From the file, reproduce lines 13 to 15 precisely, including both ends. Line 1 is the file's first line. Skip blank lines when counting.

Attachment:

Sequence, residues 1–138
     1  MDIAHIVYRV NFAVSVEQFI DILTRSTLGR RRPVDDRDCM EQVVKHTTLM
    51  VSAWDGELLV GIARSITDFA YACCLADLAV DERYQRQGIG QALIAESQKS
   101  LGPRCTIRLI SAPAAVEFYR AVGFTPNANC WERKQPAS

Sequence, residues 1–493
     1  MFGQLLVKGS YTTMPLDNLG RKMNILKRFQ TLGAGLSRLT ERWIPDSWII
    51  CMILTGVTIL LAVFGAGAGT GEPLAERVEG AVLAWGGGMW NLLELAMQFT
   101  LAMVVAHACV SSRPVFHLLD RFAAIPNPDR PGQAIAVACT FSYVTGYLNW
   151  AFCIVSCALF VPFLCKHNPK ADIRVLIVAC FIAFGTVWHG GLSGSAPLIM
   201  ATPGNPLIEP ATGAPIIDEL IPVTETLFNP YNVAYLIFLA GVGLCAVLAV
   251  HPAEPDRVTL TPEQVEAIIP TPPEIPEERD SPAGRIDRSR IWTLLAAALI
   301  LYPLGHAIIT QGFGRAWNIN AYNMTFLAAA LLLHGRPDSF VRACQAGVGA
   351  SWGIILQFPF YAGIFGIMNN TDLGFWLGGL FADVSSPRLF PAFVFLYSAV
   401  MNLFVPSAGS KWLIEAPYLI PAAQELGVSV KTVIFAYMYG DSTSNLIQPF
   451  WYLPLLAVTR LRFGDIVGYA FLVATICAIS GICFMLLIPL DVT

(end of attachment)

   351  SWGIILQFPF YAGIFGIMNN TDLGFWLGGL FADVSSPRLF PAFVFLYSAV
   401  MNLFVPSAGS KWLIEAPYLI PAAQELGVSV KTVIFAYMYG DSTSNLIQPF
   451  WYLPLLAVTR LRFGDIVGYA FLVATICAIS GICFMLLIPL DVT